Tuesday, July 21, 2009

German court rules no such thing as "making available" right under German law

According to this report in "At last ... the 1709 Copyright Blog", a German court has ruled against EMI, holding that there is "No 'making available' without 'reproduction' " under German copyright law.

Keywords: lawyer digital copyright law online internet law legal download upload peer to peer p2p file sharing filesharing music movies indie independent label freeculture creative commons pop/rock artists riaa independent mp3 cd favorite songs intellectual property portable music player


Alter_Fritz said...

Hi Ray, please note that your short headline is an incorrect summarization.

German copyrightlaw ( we abrivate it UrhG ;-) *does* provide the making available right as one of the exclusive rights! (it is called "Recht der öffentlichen Zugänglichmachung")

the court was simply saying that the right of making available can in this case not be separated from another set of rights that the video hosting company seems to have cleared beforehand with the royalty collecting agency GEMA. So the judges simply denied the royalty collecting agency to get two times a licensing fee!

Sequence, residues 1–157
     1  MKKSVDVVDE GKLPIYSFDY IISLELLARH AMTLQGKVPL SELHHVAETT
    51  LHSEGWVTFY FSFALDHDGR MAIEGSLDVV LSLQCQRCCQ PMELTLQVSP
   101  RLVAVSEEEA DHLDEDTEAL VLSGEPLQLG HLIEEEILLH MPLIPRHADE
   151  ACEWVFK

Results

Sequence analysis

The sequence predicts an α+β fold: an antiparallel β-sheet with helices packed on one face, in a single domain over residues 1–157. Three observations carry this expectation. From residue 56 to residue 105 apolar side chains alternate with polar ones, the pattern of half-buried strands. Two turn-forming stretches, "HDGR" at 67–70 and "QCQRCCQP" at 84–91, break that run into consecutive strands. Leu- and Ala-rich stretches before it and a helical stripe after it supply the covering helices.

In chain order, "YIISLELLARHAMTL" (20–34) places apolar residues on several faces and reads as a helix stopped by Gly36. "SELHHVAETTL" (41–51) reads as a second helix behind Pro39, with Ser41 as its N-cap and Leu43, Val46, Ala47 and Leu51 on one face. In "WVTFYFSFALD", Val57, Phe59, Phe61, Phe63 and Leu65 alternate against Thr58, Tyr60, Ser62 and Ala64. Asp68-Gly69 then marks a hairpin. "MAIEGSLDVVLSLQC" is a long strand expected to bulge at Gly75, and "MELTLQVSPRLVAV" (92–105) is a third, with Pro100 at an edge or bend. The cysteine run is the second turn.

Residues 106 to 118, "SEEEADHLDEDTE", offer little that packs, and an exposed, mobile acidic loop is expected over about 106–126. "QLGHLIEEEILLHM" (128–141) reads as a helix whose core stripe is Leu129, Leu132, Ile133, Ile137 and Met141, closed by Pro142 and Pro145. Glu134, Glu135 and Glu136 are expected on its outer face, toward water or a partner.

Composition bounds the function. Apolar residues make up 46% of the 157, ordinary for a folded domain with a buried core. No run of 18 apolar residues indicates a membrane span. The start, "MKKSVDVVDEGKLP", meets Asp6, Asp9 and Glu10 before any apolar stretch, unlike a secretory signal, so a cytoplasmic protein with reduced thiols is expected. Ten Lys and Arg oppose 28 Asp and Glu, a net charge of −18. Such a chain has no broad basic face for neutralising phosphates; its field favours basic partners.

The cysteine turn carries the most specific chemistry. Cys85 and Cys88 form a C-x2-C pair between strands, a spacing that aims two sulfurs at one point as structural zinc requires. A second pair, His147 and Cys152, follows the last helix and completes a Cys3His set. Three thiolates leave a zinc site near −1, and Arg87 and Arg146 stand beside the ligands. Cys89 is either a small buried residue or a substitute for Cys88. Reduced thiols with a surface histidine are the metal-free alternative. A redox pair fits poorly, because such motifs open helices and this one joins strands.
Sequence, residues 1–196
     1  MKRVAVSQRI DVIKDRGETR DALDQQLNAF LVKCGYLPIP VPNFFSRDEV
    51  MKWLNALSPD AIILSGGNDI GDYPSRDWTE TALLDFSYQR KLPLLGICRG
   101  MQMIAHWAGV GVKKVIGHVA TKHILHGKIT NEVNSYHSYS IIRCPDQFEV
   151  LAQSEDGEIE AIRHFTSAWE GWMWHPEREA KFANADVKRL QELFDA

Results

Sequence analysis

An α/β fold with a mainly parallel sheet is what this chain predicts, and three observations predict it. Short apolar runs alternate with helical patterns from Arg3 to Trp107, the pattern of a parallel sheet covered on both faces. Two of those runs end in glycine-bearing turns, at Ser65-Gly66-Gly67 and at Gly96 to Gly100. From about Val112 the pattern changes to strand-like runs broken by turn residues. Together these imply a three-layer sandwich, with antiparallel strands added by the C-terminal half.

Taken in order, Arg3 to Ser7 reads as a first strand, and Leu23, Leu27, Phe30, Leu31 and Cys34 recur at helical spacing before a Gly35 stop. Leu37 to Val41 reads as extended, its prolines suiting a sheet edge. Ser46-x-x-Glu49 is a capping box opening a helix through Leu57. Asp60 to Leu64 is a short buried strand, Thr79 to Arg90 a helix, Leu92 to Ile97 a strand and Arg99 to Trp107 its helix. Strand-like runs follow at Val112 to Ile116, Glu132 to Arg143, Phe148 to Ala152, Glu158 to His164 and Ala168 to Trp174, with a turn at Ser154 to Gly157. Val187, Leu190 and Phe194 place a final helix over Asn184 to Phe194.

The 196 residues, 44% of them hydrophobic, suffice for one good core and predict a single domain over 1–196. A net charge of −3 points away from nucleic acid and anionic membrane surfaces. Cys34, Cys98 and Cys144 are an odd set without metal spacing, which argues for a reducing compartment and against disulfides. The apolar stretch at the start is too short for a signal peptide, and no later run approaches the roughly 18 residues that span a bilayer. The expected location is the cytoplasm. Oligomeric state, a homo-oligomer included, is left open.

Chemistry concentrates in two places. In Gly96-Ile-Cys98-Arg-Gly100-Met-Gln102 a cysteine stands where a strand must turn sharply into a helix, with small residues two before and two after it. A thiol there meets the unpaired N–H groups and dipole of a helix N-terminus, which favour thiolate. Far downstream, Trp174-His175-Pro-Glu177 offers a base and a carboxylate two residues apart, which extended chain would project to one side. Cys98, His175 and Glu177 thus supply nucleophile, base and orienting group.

Quote from the counsel's homepage:
The District Court stated that a specific kind of use could be licensed according to Sec. 31 (1) UrhG only if the kind of use qualified as sufficiently clearly separable, economically and technically autonomous and unitary use according to prevailing public understanding. Citing German jurisprudence, the District Court held that reproduction(s) were inherent to the making available of copyrighted works online and, thus, could not be separated from the right to make available."

Backgroundinfo by me:
the "making available" right was added some time back as a subparagraph (a) to the existing right of public performance. (§19)
So unfortunately German law *does* know the thing that your law does not know as exclusive right as I understand from reading YOUR respective section on law.cornell.edu.




joe shill said...

From the article (badly translated though it is), the impression I get is not that there is no "making available right", but that such a right cannot be separated from the "mechanical reproduction right", and that an existing online marketing site must be allowed to continue licensing copies without interference from a newly-created licensing body.

Anyone glean anything different?